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Title: Democratization of deep learning for segmenting cartilage from MRIs of human knees: Application to data from the osteoarthritis initiative
Abstract

In this study, we aimed to democratize access to convolutional neural networks (CNN) for segmenting cartilage volumes, generating state‐of‐the‐art results for specialized, real‐world applications in hospitals and research. Segmentation of cross‐sectional and/or longitudinal magnetic resonance (MR) images of articular cartilage facilitates both clinical management of joint damage/disease and fundamental research. Manual delineation of such images is a time‐consuming task susceptible to high intra‐ and interoperator variability and prone to errors. Thus, enabling reliable and efficient analyses of MRIs of cartilage requires automated segmentation of cartilage volumes. Two main limitations arise in the development of hospital‐ or population‐specific deep learning (DL) models for image segmentation: specialized knowledge and specialized hardware. We present a relatively easy and accessible implementation of a DL model to automatically segment MRIs of human knees with state‐of‐the‐art accuracy. In representative examples, we trained CNN models in 6‐8 h and obtained results quantitatively comparable to state‐of‐the‐art for every anatomical structure. We established and evaluated our methods using two publicly available MRI data sets originating from the Osteoarthritis Initiative, Stryker Imorphics, and Zuse Institute Berlin (ZIB), as representative test cases. We use Google Colabfor editing and adapting the Python codes and selecting the runtime environment leveraging high‐performance graphical processing units. We designed our solution for novice users to apply to any data set with relatively few adaptations requiring only basic programming skills. To facilitate the adoption of our methods, we provide a complete guideline for using our methods and software, as well as the software tools themselves. Clinical significance: We establish and detail methods that clinical personal can apply to create their own DL models without specialized knowledge of DL nor specialized hardware/infrastructure and obtain results comparable with the state‐of‐the‐art to facilitate both clinical management of joint damage/disease and fundamental research.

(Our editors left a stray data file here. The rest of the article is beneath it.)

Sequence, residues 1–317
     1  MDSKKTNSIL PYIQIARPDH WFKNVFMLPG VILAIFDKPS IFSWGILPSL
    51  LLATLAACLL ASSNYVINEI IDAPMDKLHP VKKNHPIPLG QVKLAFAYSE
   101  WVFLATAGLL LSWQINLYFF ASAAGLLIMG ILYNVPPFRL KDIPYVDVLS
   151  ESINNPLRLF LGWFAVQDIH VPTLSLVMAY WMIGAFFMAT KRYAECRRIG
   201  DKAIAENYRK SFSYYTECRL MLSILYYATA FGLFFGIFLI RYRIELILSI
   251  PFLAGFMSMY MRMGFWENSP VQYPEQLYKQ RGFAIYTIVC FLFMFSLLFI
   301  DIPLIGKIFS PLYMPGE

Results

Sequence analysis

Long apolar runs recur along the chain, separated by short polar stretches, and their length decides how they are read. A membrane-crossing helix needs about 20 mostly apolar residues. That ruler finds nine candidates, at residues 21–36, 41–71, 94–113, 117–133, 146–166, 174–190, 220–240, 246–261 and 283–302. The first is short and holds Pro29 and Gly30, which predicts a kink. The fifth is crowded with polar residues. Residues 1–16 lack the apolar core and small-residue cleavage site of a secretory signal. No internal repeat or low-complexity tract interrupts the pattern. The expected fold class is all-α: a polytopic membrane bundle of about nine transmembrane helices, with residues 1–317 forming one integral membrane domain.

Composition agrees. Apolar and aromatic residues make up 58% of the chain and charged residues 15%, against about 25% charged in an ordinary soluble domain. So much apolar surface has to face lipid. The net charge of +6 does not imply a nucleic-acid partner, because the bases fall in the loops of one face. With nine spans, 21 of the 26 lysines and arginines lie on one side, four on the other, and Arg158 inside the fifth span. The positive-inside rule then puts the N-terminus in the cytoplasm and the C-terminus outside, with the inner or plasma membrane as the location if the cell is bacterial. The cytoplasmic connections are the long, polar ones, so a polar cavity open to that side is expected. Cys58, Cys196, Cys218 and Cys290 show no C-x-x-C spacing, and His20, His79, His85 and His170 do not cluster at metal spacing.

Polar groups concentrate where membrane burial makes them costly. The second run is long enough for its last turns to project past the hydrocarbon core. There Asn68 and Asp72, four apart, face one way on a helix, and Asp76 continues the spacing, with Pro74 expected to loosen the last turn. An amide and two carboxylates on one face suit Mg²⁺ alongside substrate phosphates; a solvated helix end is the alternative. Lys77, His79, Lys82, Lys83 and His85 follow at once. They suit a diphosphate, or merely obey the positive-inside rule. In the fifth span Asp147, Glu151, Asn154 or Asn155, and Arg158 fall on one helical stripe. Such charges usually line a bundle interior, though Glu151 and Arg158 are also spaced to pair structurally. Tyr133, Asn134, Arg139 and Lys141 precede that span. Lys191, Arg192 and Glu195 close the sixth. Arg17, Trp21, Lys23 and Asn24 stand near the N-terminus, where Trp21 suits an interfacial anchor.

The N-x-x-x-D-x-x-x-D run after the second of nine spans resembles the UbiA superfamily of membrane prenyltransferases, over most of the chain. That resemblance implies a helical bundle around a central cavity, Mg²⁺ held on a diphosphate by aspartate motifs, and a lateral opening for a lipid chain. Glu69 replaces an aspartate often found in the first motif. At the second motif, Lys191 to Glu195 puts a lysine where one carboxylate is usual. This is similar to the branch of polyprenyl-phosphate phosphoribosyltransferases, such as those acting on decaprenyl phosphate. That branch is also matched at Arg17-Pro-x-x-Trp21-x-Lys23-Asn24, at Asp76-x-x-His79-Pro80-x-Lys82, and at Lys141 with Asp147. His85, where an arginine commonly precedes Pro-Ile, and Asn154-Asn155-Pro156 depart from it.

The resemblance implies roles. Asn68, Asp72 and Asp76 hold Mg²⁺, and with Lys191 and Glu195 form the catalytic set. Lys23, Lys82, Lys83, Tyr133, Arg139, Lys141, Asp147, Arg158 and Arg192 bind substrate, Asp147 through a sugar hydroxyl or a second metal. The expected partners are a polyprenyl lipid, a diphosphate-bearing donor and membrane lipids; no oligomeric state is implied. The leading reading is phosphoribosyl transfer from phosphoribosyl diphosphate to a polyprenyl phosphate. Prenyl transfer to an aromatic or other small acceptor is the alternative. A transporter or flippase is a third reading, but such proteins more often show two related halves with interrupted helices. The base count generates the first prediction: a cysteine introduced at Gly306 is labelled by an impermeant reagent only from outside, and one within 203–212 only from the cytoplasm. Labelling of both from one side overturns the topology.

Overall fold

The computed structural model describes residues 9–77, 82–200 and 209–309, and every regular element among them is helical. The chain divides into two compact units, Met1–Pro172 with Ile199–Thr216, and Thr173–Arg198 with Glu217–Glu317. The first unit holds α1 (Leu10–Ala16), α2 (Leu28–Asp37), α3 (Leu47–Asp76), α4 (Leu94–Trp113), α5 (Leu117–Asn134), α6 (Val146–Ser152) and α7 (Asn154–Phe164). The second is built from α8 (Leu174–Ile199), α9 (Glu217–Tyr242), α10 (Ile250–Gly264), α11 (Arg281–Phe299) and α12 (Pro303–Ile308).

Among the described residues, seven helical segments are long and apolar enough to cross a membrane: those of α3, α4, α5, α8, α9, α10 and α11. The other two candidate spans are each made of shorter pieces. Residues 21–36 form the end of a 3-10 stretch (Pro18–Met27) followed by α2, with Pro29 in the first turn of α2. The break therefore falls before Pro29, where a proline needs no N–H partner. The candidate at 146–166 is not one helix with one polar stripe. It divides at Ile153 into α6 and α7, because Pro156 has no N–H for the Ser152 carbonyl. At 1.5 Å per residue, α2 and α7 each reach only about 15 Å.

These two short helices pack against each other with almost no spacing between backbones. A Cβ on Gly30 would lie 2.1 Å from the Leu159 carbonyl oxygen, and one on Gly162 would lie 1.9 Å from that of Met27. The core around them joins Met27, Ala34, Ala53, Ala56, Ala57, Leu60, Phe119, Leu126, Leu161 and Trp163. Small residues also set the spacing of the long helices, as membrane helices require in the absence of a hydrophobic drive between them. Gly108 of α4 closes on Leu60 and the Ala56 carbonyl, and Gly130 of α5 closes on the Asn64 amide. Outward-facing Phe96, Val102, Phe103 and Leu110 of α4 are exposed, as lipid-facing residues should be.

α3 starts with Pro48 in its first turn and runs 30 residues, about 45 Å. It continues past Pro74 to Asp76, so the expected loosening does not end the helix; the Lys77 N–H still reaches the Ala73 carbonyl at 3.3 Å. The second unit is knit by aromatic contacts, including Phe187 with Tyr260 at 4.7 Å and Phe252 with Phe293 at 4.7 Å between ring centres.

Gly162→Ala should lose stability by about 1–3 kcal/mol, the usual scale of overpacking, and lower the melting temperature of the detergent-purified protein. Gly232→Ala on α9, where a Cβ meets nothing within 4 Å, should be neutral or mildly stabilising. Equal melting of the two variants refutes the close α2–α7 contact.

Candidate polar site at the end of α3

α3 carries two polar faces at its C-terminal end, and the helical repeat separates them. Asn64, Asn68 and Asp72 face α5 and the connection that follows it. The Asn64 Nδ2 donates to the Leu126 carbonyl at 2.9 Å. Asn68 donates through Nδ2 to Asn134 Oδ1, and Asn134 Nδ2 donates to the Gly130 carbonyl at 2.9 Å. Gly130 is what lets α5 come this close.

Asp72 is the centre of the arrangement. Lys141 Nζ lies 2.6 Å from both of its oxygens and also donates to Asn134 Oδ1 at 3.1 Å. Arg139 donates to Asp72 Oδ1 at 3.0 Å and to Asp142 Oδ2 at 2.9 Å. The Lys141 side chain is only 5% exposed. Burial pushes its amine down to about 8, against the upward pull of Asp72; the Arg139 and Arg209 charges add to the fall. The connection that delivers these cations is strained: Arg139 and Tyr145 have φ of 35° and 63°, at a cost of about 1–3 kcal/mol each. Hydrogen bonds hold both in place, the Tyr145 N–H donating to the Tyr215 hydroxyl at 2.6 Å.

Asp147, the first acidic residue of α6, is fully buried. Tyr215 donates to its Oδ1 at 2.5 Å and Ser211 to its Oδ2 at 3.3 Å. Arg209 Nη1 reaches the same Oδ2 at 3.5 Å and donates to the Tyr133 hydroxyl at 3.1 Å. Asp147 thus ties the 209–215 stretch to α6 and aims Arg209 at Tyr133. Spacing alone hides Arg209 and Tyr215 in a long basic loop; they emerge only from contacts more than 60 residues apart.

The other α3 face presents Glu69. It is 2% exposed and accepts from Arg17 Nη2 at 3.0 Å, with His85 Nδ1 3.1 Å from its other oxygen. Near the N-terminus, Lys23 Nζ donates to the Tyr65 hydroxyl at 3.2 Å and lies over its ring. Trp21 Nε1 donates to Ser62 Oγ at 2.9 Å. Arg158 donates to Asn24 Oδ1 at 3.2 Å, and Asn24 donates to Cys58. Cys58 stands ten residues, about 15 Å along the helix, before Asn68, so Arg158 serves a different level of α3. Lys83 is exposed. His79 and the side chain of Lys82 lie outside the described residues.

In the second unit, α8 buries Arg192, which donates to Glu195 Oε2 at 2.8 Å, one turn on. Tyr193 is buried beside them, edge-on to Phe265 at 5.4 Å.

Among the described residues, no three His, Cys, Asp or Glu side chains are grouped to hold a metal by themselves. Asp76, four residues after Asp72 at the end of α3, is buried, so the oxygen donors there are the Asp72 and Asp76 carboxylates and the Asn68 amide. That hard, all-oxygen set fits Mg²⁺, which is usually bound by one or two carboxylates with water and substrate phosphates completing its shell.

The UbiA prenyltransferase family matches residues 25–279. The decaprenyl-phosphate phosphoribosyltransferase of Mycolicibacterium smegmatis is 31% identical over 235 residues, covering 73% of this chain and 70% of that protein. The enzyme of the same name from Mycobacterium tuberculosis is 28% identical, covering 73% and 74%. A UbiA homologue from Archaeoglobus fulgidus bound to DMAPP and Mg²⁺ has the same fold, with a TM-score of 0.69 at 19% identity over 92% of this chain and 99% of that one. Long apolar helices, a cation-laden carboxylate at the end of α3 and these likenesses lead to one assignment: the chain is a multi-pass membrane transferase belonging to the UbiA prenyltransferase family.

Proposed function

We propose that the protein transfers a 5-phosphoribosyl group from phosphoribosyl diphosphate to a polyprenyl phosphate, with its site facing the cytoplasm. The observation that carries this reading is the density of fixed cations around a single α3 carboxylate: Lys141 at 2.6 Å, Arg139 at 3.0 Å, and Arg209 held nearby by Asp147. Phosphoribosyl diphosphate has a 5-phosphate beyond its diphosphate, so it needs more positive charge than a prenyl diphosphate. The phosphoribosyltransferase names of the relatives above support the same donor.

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Award ID(s):
1653358
NSF-PAR ID:
10418853
Author(s) / Creator(s):
 ;  ;  ;  ;  
Publisher / Repository:
Wiley Blackwell (John Wiley & Sons)
Date Published:
Journal Name:
Journal of Orthopaedic Research
Volume:
41
Issue:
8
ISSN:
0736-0266
Page Range / eLocation ID:
p. 1754-1766
Format(s):
Medium: X
Sponsoring Org:
National Science Foundation
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